AEC, a leading cybersecurity provider, is offering an effective training programme for employees of enterprises and institutions. Recently, the company started to utilize tools featured by the U.S.-made KnowBe4 platform for the provision of its security awareness services. When using these new tools, AEC’s customers will be now ready to face cyberattacks with greater success, including scam e-mails or fraudulent phone calls.
Now, AEC’s customers can choose between two learning modes. The first one enables them to purchase the product in the form of providing a unique access to the tools on the U.S.-made KnowBe4 platform. Here, they may simulate hacker attacks themselves and subsequently, use the follow-up e-learning training as needed.
However, the majority of Czech companies do not possess the know-how required for such activities. A proper processing, targeting and evaluation of all steps requires lot of effort. For this reason, AEC offers also a second option, namely the opportunity to order security awareness as an all-embracing service with all procedures, including the utilization of unique tools, executed by AEC experts.
Maroš Barabas, Head of Product Management in AEC pointed out: “For AEC, the partnership with KnowBe4, a company that is indisputably one of the top leaders in the field of security awareness worldwide, means a significant evolution of its services portfolio,” and he added: “Now, we can interconnect and automate the individual partial steps in all our tutorials and steer their strength in the right direction.”
KnowBe4 has one main advantage. And that is its ability to combine testing with learning in an interesting way. The environment where it functions allows to carry out examinations before and after the training. This way, it is clearly visible which users are improving over time and which still need some help, and specifically with what. The results are helping to modify the trainings better, both to accommodate the individual participants, as well as the specific needs of the given organization.
A training programme assembled in the form of a series of attractive steps is now available to AEC’s customers: incident analysis, trainings, clear infographics, instructive e-mails, as well as examinations and specific testing of the knowledge acquired focusing on the physical, e-mail and phone call attack methods. The goal is to change the habits of the users and to reinforce new patterns in their behaviour until the topic of cybersecurity becomes a natural part of the corporate culture.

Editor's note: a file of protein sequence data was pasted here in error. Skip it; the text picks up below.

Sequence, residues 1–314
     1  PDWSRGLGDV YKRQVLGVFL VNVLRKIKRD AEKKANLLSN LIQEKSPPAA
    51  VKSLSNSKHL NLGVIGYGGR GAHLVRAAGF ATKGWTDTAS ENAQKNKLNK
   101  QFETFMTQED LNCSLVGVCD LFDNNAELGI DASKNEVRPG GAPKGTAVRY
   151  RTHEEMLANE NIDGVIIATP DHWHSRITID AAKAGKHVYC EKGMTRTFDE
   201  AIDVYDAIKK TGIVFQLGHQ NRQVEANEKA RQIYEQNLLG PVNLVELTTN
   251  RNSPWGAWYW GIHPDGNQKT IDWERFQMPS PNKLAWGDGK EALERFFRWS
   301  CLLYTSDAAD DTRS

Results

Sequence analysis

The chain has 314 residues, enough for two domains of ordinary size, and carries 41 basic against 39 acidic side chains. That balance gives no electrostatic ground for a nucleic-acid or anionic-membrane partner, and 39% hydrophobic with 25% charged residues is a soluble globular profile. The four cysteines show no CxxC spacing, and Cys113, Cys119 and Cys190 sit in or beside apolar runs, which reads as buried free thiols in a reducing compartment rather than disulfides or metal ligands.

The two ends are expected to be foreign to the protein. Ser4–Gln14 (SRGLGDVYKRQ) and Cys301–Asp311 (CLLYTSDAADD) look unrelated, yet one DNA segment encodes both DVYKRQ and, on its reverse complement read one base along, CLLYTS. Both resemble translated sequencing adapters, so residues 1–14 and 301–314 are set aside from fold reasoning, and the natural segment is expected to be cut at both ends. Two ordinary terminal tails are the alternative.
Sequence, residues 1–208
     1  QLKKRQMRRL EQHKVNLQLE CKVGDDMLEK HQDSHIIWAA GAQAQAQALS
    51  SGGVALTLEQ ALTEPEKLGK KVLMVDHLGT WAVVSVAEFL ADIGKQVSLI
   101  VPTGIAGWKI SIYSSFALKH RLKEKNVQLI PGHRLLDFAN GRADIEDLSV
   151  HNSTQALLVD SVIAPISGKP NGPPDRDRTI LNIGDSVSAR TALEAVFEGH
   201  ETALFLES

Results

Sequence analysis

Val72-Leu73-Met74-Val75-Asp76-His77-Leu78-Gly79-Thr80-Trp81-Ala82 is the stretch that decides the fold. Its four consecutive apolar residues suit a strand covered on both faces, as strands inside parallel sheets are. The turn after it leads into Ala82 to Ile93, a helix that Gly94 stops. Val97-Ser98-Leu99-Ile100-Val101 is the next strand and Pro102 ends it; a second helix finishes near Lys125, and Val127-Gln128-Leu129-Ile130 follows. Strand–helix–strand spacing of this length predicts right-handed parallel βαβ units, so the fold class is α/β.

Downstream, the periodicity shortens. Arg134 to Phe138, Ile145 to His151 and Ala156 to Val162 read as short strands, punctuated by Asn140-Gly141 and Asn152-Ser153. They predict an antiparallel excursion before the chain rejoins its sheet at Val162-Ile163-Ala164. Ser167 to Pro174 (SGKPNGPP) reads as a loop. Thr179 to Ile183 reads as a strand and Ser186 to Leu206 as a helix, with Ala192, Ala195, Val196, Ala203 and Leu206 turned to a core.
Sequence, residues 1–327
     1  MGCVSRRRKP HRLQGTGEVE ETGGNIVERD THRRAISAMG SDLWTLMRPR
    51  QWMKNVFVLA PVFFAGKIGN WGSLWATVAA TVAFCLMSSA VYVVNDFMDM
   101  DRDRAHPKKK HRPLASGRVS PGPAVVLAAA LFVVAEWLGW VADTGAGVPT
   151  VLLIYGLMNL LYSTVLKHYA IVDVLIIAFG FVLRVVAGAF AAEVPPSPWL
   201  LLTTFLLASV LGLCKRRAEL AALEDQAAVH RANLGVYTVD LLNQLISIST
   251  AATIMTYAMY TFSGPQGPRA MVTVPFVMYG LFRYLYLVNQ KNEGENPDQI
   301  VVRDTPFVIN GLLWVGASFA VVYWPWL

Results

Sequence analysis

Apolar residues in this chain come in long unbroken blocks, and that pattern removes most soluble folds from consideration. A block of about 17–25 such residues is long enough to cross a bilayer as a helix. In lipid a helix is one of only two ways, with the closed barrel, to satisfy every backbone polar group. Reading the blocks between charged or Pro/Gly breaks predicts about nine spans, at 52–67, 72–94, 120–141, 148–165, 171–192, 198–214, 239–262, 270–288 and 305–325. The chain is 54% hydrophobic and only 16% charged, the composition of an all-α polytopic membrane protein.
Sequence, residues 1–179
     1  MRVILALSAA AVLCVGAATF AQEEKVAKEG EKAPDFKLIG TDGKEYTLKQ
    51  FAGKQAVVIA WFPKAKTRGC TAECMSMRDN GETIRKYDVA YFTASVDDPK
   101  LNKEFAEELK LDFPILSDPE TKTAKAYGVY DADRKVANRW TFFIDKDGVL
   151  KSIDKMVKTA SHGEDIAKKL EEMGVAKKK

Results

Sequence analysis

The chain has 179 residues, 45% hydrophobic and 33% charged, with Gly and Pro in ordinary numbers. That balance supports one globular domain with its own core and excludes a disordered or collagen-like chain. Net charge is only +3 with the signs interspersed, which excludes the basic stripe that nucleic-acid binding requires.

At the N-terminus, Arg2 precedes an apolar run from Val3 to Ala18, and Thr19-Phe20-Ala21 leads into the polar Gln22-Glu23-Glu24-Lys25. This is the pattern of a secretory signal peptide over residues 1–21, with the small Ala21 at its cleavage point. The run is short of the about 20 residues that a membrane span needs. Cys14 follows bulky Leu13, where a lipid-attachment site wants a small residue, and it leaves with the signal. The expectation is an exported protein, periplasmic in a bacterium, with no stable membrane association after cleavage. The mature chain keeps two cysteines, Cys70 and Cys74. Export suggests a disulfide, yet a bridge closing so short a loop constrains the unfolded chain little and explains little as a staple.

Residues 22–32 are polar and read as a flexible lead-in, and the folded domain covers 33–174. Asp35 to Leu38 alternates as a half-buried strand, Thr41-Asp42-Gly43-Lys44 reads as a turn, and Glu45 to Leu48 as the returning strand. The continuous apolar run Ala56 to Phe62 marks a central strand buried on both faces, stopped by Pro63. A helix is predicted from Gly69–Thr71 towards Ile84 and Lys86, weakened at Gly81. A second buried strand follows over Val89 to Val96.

“We do not impersonate an attacker who would misuse the attack; in fact, exactly the opposite. Even though this is a training for educational purposes, our progress would be as insidious and as merciless as the actions taken by any of the experienced hackers,” observed Maroš Barabas, adding: “Our previous experience shows that personal confrontation with an attack, albeit simulated, together with an intense personal encounter with the situation provide a long-term experience for the employees."
Today, the overwhelming majority of all cyberattacks focus on the weakest link in corporate data protection, i.e. the human factor. Attackers use a variety of fraudulent methods, including the gathering of publicly available data and they do not hesitate to use it in order to pressure the user, confuse, and deceive him.
“A rising number of enterprises are becoming aware that the best way to secure their data from social engineering attacks does not mean building an expensive technological wall around it, but to educate their staff as well as they can. Our offer is an answer to the fact that education of employees in the form of a standard one-off training has proven to be ineffective,” concludes Maroš Barabas.
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AEC organizes short free webinars on the issue of cyber attacks. The next one will take place on Tuesday February 16 from 10 am CET. Maroš Barabas and ethical hacker Martin Fojtík will introduce the most common attacks and their form to those interested within forty-five minutes and outline what a security awareness program focused on the risks of social engineering should look like. The next time will be put in Q&A. More information at: